ITHACA, N.Y. (WENY) -- Over the years, Labor Day has gained a significance of marking the "unofficial end" to summer, but it didn't always mean the kids are headed back to school and you need to stock up on Halloween candy. The first Labor Day was celebrated in 1882 in New York City, then in 1894 Congress declared it a national holiday. 

Villages, towns and cities all across the country have their own way of celebrating the day. That rings true as well in Tompkins County. On Monday, the Tompkins County Workers' Center (TCWC) held its 36th annual 'Labor Day Picnic.' This year, the event was held at Stewart Park and featured a theme of solidarity. 

"We've got a lot of things happening here in Tompkins County, Ithaca, with workers organizing in the workplace so it really celebrates them and what we're doing collectively and it's kind of like our Christmas if you will in a certain sense. This is our big holiday!" explains Pete Meyers, TCWC Coordinator. 

The picnic is free to attend and includes food, raffles, live music and more. 

"It's really a sacrifice of a lot of your life at work. Hopefully you love your job -- it's not always the case, so I feel like it's good to support all the people who work so hard and long hours and sacrifice so much," says Ithacan Adam Levine.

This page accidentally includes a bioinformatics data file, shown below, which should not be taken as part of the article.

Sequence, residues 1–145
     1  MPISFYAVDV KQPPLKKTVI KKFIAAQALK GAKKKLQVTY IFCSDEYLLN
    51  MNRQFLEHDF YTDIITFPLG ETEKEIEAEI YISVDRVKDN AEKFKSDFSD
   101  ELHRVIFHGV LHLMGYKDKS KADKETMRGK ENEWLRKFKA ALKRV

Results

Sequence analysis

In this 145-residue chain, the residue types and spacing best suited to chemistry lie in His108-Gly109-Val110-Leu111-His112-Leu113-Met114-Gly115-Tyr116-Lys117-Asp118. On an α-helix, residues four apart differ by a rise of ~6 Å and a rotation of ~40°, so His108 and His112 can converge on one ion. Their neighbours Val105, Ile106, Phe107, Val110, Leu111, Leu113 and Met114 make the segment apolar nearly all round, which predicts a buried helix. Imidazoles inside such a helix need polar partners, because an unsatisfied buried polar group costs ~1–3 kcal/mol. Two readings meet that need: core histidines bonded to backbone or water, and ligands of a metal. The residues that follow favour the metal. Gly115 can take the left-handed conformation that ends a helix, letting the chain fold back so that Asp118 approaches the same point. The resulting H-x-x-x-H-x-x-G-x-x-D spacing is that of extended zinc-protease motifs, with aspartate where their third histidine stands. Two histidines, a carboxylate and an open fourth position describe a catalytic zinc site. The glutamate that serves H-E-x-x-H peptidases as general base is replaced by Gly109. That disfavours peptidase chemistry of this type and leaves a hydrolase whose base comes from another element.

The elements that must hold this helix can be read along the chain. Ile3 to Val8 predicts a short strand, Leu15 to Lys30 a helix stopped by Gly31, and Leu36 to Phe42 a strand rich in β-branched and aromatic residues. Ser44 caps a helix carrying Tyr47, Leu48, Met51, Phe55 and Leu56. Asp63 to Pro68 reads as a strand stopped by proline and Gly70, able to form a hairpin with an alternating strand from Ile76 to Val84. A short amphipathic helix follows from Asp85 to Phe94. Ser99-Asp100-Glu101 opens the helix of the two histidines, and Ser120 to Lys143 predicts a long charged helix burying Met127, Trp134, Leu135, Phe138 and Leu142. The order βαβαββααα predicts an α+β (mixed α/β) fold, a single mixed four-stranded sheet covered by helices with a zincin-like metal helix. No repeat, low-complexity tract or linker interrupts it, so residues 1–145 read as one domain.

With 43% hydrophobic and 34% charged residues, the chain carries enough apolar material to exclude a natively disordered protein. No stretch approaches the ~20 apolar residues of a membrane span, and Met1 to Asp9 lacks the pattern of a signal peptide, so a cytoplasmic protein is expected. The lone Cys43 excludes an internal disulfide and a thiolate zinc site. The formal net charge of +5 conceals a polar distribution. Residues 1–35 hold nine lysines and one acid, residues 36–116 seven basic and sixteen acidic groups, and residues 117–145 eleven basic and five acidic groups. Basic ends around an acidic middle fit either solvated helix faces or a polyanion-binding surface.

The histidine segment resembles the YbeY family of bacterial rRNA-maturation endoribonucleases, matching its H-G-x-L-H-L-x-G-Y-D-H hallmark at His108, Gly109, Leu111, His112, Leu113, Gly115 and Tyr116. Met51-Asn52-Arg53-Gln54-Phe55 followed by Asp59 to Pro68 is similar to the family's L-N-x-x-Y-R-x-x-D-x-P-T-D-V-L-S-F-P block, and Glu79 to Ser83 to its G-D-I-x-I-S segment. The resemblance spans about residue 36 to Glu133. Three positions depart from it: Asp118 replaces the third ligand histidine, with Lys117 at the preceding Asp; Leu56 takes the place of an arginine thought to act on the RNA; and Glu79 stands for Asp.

"It's a wonderful celebration. I'm happy to be part of it. It's something to be celebrated because the Workers' Center provides such great service to the workers in our community," says Eric Levine, CEO of Alternatives Federal Credit Union. 

Information tables from other local organizations, unions and activist groups were also on hand, all as a way to help build connections. 

"I mean this is an important contribution to society, to be working, whatever it is you're doing. Whether you're a nurses' home health-care aid or whether you're working at a gas station or whether you're working as a reporter or whether you're working in all the various things that we could be doing," Meyers says. 

"We all need to respect and celebrate all the contributions that we each, individually make to society," adds Meyers. 

People attending the park event today in Ithaca were also encouraged to bring their  own plates and silverware in order to create as little waste as possible.